Portrait Display CalMAN

Display Measurement - Saturation Accuracy - sRGB dE2000

sRGB accuracy in the “Normal” mode isn’t very good. We’re seeing noticeable hue shits in the spectrum, especially in greens. The saturation and luminosity is also off-target as tones are too bright / undersaturated. The resulting dE2000 is quite bad, which sadly enough is in line with what we saw on the P30 Pro as well as the Mate 20’s.


Portrait Display CalMAN

Display Measurement - Saturation Accuracy - Display-P3

While the score of the Mate 30 Pro is really bad in the P3 measurements, most of the errors here is due to the wildly blue default colour temperature. Hues in this mode are actually more accurate than the sRGB mode, once of course you customize the colour temperature to more accurate levels.


Portrait Display CalMAN


Portrait Display CalMAN

Display Measurement - Gretag–Macbeth Colour Accuracy

In the GMB test in the Normal mode again the biggest errors are exhibited in the chromacity and hue of some tones, being a bit undersaturated as well as having hue issues in the green tones. The overall result is still acceptable and useable.

Screen Conclusion – Very Mediocre For a 1100€ Phone

The worse than usual viewing angles of the display, lower than expected resolution, low peak brightness, lower colour accuracy, no colour management all make this an extremely mediocre display for what is supposed to be a flagship device from Huawei. Unfortunately, we’ve seen the issue repeated again and again and frankly I don’t understand why vendors would opt to chose second-rate panels from LG or BOE in their flagship devices. If you’re going to build a 1100€ phone like the Mate 30 Pro, you should at least go all the way and source the highest quality panels you can get, as otherwise you’ll end up with a deal-breaker scenario for your product. The Mate 30 Pro’s screen is very underwhelming and given the phone’s price, is a deal breaker for me.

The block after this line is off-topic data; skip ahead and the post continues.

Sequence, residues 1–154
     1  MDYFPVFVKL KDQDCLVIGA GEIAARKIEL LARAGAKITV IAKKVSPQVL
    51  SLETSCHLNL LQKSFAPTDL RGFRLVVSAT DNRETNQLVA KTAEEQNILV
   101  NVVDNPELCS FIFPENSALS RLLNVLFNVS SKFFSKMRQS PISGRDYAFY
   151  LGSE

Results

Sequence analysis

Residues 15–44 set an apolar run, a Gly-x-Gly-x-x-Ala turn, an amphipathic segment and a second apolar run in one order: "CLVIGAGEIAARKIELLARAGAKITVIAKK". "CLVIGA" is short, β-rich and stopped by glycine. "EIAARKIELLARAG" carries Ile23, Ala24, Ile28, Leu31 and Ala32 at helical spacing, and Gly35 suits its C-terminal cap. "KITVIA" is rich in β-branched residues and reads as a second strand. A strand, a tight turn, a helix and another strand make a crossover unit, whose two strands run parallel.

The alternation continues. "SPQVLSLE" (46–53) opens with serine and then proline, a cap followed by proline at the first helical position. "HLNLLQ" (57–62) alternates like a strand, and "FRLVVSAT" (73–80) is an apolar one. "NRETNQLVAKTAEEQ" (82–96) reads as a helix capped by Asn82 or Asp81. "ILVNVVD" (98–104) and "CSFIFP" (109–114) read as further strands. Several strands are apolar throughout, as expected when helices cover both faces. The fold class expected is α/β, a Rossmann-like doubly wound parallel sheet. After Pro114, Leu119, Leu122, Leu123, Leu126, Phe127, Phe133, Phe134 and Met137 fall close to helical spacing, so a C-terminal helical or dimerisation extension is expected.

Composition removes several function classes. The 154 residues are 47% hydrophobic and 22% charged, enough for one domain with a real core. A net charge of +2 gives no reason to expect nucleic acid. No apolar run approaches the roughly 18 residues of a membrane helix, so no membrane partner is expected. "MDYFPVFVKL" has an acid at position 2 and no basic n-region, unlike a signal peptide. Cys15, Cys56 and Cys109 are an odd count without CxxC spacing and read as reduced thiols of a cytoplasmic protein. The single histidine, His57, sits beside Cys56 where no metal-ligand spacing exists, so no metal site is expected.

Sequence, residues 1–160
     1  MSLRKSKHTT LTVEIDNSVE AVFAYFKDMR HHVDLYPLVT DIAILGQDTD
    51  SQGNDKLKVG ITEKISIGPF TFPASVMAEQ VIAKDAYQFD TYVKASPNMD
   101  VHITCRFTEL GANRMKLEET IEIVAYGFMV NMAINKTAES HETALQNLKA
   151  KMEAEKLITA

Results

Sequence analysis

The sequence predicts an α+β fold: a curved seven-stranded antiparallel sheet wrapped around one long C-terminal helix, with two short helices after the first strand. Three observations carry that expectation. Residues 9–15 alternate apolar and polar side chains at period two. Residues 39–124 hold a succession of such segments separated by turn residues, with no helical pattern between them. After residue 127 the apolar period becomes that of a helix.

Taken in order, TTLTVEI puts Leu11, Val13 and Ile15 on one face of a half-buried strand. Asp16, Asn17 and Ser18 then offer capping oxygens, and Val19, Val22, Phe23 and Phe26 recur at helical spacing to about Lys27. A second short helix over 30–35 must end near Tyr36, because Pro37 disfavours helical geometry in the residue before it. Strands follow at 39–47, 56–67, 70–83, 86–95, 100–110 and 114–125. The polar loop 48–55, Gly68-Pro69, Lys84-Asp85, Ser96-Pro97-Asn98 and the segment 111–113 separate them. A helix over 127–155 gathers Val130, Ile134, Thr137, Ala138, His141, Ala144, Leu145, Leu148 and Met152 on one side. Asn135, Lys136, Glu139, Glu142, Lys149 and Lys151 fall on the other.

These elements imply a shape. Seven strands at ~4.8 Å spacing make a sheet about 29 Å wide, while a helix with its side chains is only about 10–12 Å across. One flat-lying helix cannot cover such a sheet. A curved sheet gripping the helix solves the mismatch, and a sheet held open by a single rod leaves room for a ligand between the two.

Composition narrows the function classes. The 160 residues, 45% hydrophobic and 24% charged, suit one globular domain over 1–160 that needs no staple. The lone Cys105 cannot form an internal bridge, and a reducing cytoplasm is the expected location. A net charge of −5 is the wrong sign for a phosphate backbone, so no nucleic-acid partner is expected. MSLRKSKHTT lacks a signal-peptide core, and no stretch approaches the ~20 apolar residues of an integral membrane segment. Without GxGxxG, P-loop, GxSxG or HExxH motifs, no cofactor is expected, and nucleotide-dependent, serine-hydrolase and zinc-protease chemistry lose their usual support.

GPU Performance & Power Battery Life
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  • psychobriggsy - Wednesday, November 27, 2019 - link

    After years on Android, and a set of Android Apps and Services that I own via the Play Store (or because they come with the phone), the lack of Google Services and the Play Store is a critical piece of missing functionality.

    Indeed I'd say that this is not Android at all, Android for most people being the combination of core operating system and Google Services.
    Reply
  • imaheadcase - Wednesday, November 27, 2019 - link